Water is something that you need to stay on top of. Light can be added or taken away and most soils can be amended to accommodate any plant, but watering isn’t negotiable as far as the plant is concerned.

So, How Do I Decide Which Plants to Use?

An indoor Miniature Garden

An indoor Miniature Garden. All the plants like bright, indirect light and regular watering, letting the soil dry out to damp in between watering sessions.

Choose the plants that go with your lifestyle for the best results. If you are not home very often and don’t want to dote on your mini garden, go with succulents and plants that like to dry out in between watering. If you are home all the time and love to pamper your miniature garden, choose plants that like to be watered often.

One more thing to consider if you are using pots with drainage holes: how are you going to collect the water as it drains out of the bottom of the pot? If the pot doesn’t come with a saucer, your local garden center has clear, plastic saucers which are very noticeable. If the pot does come with a saucer, be careful of the saucer wicking moisture on your wood surfaces. Again, your local garden center will have a variety of plant coasters to use underneath the saucer to protect the wood. If anyone tells you the a saucer is waterproof because it’s glazed, please don’t believe them, I have the water marks on my tables from years ago to prove it.

Understanding the basics of light, soil and water requirements will help you make the right choice when selecting plants for your miniature garden design. Asking the questions, “Where is the garden going to be placed and how am I going to maintain it?”  and it will narrow down your plant choices and direct you to the plants that will work for you. Designing your miniature gardening with plant care needs in mind will make tending your mini garden rewarding for you, and keep your plants happy and healthy.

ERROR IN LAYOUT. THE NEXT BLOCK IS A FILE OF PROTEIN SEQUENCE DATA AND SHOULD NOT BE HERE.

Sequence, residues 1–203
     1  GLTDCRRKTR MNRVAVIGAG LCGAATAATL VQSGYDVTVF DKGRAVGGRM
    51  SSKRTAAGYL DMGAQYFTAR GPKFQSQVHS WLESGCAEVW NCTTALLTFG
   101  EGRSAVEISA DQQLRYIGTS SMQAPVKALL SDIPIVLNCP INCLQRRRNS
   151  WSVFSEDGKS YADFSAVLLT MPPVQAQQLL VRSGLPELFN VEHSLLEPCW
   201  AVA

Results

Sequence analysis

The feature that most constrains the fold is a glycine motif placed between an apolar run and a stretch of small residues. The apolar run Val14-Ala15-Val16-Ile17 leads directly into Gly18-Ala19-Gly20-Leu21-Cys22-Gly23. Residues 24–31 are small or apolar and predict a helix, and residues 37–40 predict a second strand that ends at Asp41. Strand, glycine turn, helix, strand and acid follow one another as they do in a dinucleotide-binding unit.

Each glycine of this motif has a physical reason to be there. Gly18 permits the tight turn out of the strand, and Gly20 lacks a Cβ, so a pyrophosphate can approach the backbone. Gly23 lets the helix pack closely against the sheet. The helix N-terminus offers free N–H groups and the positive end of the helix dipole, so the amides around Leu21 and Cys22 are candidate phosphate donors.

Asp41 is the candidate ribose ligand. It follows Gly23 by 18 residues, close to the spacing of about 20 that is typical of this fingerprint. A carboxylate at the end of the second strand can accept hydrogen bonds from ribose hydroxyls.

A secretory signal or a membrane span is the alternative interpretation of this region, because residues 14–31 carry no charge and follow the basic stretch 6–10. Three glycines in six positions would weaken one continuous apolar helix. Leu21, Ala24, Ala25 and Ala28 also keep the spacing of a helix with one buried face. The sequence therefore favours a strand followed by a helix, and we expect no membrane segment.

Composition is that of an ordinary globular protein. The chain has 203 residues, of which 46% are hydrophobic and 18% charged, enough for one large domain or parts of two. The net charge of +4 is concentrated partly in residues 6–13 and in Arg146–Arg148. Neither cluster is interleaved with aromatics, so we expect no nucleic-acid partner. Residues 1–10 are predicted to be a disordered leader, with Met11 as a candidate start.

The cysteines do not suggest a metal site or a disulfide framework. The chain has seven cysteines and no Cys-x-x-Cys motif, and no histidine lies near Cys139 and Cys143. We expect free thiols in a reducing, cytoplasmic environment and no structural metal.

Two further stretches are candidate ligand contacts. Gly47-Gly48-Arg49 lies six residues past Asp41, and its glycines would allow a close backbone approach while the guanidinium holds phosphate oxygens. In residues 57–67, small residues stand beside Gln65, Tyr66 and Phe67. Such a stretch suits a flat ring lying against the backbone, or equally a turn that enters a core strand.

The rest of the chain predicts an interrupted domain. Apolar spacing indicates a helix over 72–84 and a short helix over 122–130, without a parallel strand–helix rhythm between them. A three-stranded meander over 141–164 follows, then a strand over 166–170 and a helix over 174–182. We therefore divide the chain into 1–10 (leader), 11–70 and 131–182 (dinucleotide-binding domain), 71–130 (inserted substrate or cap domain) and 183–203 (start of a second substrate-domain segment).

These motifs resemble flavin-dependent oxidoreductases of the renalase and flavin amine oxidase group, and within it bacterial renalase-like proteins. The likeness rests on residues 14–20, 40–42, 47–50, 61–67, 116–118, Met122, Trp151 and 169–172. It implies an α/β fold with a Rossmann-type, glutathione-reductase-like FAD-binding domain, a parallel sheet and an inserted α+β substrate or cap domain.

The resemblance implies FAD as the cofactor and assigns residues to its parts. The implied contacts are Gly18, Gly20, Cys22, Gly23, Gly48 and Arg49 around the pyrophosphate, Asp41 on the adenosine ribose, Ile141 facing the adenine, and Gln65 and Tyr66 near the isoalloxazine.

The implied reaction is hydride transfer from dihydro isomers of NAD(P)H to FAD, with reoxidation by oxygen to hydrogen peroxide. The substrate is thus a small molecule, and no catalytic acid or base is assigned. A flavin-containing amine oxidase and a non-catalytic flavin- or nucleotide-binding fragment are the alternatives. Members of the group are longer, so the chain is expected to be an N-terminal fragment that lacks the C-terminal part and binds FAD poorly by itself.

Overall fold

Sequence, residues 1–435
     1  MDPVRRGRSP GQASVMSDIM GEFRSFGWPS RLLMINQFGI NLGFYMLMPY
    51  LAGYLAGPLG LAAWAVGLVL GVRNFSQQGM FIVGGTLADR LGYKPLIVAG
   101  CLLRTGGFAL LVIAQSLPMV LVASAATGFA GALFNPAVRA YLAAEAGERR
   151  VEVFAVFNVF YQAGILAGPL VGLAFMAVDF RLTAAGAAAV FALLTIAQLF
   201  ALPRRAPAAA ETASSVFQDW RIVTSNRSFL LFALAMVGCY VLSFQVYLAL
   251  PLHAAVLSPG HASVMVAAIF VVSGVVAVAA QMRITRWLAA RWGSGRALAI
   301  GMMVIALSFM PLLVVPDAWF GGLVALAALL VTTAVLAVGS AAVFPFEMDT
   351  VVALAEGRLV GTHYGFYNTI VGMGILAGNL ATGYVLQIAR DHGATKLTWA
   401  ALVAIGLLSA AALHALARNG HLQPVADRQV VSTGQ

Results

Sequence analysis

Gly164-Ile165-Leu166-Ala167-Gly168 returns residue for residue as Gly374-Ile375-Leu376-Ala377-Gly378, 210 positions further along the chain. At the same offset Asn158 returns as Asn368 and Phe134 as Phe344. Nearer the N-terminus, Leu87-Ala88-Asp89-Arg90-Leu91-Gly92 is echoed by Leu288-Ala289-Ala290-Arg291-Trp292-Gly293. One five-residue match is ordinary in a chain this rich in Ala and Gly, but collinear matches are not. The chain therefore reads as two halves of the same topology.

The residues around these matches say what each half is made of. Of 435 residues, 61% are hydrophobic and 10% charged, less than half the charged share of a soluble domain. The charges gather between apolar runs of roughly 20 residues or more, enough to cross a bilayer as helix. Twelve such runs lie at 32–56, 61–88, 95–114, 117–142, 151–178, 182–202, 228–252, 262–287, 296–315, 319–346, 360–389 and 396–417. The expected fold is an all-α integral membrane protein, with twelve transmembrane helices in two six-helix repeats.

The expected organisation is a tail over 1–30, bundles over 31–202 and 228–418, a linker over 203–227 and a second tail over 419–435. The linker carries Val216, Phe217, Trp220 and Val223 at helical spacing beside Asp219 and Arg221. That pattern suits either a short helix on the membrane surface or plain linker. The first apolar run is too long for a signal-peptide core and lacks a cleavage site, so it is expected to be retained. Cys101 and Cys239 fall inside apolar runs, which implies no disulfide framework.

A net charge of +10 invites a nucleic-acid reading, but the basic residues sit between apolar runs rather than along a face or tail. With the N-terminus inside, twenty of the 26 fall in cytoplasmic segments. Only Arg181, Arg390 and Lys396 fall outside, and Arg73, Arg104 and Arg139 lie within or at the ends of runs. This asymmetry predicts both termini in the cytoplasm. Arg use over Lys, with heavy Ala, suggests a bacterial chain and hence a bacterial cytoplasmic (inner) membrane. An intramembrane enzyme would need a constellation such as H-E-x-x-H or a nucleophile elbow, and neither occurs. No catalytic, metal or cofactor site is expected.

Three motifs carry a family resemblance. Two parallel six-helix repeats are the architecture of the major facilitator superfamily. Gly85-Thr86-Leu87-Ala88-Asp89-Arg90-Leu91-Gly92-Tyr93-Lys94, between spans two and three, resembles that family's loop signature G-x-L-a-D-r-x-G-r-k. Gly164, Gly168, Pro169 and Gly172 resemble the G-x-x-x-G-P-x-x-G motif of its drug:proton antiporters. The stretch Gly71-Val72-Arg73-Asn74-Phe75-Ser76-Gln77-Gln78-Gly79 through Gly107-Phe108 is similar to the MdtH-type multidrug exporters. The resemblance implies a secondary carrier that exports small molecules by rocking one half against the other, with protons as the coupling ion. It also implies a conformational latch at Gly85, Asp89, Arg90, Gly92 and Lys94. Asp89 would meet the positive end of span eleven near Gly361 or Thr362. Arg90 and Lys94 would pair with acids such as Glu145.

Miniature Gardening 104: How to Find the Plants ‘ is next!

In case you missed it: Miniature Gardening 102: Indoor vs. Outdoor Plants is here.

Ready to get started? If you liked this, then you’ll like this:
How to Make a Miniature Garden PDF Instant Download

Your Miniature Garden Center

Your Miniature Garden Center

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4 Comments »

  1. […] Follow along to Miniature Gardening 103: The Water now. […]

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  2. […] Miniature Gardening 103: The Water Tripping through the photo archives: A tiny Miniature Garden: The Way to Oz. With small, Roly-Poly Hen and Chicks. This size of mini garden make the PERFECT little hostess or thank you gift! […]

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  3. […] Miniature Gardening 103: The Water […]

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  4. […] Do you know how to tell when to water so you don’t overwater or underwater?? […]